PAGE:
Review: Elvis Adventures #1 by Jerry Whitworth
Elvis Presley is perhaps one of the most revered musical icons in the past century. Well past his death in 1977, the so-called “King of Rock and Roll” is still ever present in our consciousness as he has time and again been adapted across various mediums. Such has even included the realm of horror in the 2002 film Bubba Ho-Tep. Featuring Bruce Campbell of Evil Dead fame as the King, the movie (based on a 1994 novella by Joe R. Lansdale) centered around an elderly Presley living in a retirement home (his body double having actually died in ’77) forced to combat an undead mummy terrorizing residents. The picture making a modest return, future projects were planned but ultimately never emerged (the movie itself jokingly teased a vampire follow-up where actual discussed sequels involved a lost Elvis film or aliens). Bubba Ho-Tep may have very well found its spiritual successor in a manner in the comic book series Elvis Adventures. Published by Loophole Comics and created by Kevin Cuffe (Oathbound, Iron Skull), Bob Frantz (Monty the Dinosaur, 41), and Rachel Ordway (Space Case, Art School Adventures), Elvis Adventures is a new comic book series that premiered this summer featuring the King battling alien invaders. Set in the 1970s, the alien race the Gee’uks have invaded Earth and believe Elvis to be the world’s ruler where by defeating him, they would conquer the planet. The misunderstanding leads to the King fighting for his life only for matters to become worse by the initial issue’s finale.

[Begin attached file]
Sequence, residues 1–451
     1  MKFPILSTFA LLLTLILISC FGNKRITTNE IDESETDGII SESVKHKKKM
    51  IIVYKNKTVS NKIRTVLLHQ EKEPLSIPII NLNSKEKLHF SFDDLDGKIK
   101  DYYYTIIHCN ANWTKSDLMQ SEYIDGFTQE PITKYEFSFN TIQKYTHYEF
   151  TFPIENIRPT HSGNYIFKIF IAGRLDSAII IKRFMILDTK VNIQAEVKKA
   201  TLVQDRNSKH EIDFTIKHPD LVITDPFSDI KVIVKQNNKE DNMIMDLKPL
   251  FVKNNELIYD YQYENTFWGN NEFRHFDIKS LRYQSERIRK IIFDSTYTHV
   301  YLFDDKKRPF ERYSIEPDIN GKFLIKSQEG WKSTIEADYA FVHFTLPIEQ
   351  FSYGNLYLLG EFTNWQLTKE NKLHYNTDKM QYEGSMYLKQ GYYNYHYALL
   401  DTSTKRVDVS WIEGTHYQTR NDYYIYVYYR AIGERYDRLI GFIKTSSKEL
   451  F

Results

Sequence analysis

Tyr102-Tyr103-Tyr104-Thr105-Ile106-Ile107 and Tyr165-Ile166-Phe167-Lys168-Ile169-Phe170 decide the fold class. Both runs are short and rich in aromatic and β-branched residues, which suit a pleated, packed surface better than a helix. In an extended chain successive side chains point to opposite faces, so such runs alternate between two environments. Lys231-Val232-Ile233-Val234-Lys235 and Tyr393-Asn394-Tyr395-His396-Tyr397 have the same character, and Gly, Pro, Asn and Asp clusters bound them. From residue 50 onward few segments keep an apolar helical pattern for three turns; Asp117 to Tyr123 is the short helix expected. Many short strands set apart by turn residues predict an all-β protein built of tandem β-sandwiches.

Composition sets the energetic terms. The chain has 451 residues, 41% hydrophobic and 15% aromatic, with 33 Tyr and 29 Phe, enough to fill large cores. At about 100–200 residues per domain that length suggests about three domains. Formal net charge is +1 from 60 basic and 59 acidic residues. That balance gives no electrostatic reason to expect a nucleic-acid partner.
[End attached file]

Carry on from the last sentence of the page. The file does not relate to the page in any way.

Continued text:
A fan of Captain Marvel, Jr. (whose costume inspired Elvis’ taste in jumpsuits) and a disciplined practitioner of karate, in many ways Elvis Presley lends himself well to the four-color page. With his accompanying entourage the Memphis Mafia, to a degree the King could almost be seen as some variation of Doc Savage with his Fabulous Five. And while the comparisons to Bubba Ho-Tep are obvious, Elvis Adventures largely feels more in the vein of The Adventures of Buckaroo Banzai Across the 8th Dimension (1984), especially when you consider the Elvis of this comic is in his forties rather than sixties. When Elvis takes up his katana Gladys, you can almost see the symmetry. This fun, bombastic take on the King of Rock and Roll really puts a smile on your face, the title seemingly an all-ages book especially given the cartoony style of Rachel Ordway. The only hiccups for such a distinction, though, is the premise of Elvis “meeting” three of his attractive, female fans in his private suite at night and a humorous anecdote about the King getting part of his anatomy stuck in something. Still, Elvis Adventures is a zany, amusing romp for kids of most ages.
You can pick-up Elvis Adventures digitally on Comixology or a physical copy from Rachel Ordway on Etsy. For the latest news on Elvis Adventures, check out Loophole Comics’ website and on Twitter follow its creators Kevin Cuffe, Bob Frantz, and Rachel Ordway.
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